Latham, N.Y. (NEWS10) With the legalization of marijuana, law enforcement is bracing for a potential increase in impaired drivers. Many agencies already have Drug Recognition Experts on hand and some are in the process of training additional officers so they can keep our roads safe.
While officers can use a breathalyzer to help determine if a driver is intoxicated, most local agencies are not yet equipped with a tool that can detect marijuana, so instead they rely on DREs.
The New York State Police have more than one hundred recognition experts statewide. Troop G Public Information Officer, Kerra Burns, told News10 nine troopers are scheduled to receive training this year. Some trainings are being held this month and then another will take place in September. The training is led by the Governor’s Traffic Safety Committee and includes officers from all different agencies, not just State Police.
Trooper Burns said since 2018, NYSP has doubled the number of Drug Recognition Experts following a spike in drug-related fatal crashes.
For the next twelve to eighteen months they will also be in the process of training all Troopers in the Advanced Roadside Impaired Driving Enforcement Program. “The ARIDE program was developed by the National Highway Traffic Safety Administration, and provides law enforcement officers with additional training in identifying the signs of drug and alcohol impairment. It fills the gap between Standard Field Sobriety Testing and the advanced DRE training,” said Trooper Burns.
“Operators are fifty percent more likely to be involved in a crash if they’ve consumed marijuana before driving. Marijuana can stay in your system and impair your ability to drive for up to twenty-four hours,” said Trooper Adam Norton. He’s been a Trooper for eight years and a DRE instructor for two and a half.
“We don’t have X-ray eyes so we can’t tell you what’s in your blood, but we can tell you what drug category is causing your body to do the things that we’re seeing,” said Trooper Norton.
Trooper Norton said they use a twelve point checklist that mainly looks for involuntary functions. They start with a breathalyzer then they interview the arresting officer. “We want to know everything that they saw from the minute that car drew their attention to everything in between,” said Trooper Norton.
“Drugs impair your autonomic nervous system so it’s things that you can’t control. So you can’t practice keeping your blood pressure down, you can’t practice keeping your pulse rate down,” said Trooper Norton.
Trooper Michael Tromblee has been a DRE for eight years and became an instructor with Trooper Norton in 2019. He said the specific section of the VTL law is section 1192-4, which is strictly for drugs. “It’s impairment to any extent and that’s one of the reasons that we as DREs have a twelve step process, it’s very extensive,” said Trooper Tromblee.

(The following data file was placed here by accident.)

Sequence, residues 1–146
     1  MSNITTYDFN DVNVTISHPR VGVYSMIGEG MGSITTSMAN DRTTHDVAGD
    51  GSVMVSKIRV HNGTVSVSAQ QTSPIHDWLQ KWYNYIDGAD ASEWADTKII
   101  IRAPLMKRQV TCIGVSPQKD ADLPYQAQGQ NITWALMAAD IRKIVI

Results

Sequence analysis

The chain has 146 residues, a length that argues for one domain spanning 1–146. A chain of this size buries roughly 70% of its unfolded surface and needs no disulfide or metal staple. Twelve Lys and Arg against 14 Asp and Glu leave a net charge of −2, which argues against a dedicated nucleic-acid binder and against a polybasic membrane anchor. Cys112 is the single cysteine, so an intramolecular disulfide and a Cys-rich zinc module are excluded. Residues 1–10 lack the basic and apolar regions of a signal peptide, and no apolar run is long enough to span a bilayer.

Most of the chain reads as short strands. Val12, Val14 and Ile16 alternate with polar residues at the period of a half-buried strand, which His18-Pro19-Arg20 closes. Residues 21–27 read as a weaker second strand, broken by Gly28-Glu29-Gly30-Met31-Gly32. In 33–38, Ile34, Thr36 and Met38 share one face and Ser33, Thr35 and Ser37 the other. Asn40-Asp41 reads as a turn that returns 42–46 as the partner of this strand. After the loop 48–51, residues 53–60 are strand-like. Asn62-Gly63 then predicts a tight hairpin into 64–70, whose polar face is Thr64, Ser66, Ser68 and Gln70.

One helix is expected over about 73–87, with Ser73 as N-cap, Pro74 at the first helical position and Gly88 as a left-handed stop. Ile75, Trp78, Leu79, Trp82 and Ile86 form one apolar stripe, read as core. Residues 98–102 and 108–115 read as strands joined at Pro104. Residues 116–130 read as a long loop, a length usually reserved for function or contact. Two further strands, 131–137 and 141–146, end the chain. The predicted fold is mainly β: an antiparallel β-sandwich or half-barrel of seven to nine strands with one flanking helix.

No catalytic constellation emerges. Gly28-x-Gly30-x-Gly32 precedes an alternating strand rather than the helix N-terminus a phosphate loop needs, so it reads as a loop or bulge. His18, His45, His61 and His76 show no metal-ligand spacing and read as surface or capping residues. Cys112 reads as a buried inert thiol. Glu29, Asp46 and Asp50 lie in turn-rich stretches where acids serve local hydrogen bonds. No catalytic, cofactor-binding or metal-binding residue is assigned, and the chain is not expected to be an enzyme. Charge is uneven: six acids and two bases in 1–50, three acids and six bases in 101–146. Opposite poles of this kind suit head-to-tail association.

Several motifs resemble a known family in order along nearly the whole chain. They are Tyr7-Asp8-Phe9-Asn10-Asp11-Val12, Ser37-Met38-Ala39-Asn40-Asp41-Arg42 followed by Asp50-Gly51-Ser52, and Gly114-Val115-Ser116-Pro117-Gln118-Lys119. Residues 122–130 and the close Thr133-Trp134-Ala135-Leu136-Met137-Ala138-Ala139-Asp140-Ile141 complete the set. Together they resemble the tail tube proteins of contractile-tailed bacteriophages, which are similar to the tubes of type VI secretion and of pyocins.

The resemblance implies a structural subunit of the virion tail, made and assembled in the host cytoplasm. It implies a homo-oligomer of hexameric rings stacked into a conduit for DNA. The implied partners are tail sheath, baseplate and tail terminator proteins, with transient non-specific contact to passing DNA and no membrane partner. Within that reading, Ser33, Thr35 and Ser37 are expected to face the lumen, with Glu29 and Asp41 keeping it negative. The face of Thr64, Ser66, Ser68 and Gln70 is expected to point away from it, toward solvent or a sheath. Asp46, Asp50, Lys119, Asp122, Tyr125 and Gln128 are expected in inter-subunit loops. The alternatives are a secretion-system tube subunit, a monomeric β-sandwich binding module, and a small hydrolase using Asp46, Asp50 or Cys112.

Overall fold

They also do a “dark room” exam where they check for pupil size and use a UV light for signs of ingestion, whether it’s by mouth, nose, arms, hands or feet. “One of the things in the DRE program that we teach is the eyes are the window to the soul,” said Trooper Tromblee.
“The blood shot eyes, the dilated pupils, the eyelid tremors, the relaxed inhibitions,” said Trooper Norton.
Trooper Norton said towards the end of the evaluation they will sit down with the operator and have a conversation and give them an overview of what they observed, giving them the opportunity to give the Trooper more information. He said, often times, they do make admissions.
Lastly, they will call in a paramedic to draw blood for toxicology. Those results typically take about a month to come back, but officers do not need to wait for those in order to charge a driver. They’re so highly trained that their observations are admissible as evidence in court.
Trooper Tromblee said the certification process is intensive. Troopers must first pass a sixteen hour course before they can even be considered for the training. Then they spend at least eighty hours in a classroom followed by a week of practical assessments where they travel to Phoenix, Philadelphia, or Florida and put their skills to the test at jails or other facilities where people volunteer to participate. “They’ll do their evaluations and then that’s compared to a tox (toxicology report) to make sure that what they’ve trained for for two weeks, and they’ve mastered, that they now can put it into practice,” said Trooper Tromblee.
The officers could also find that the impairment is not drug-related, but instead some sort of medical impairment and will then call an ambulance and seek the appropriate care.
“Our primary responsibility and our goal is to keep everyone safe including that operator,” said Trooper Norton.
“If you’re going to use marijuana, have a plan. There’s Uber, there’s Lyft, there’s taxis. Have a friend who is not using drive you home,” said Trooper Tromblee.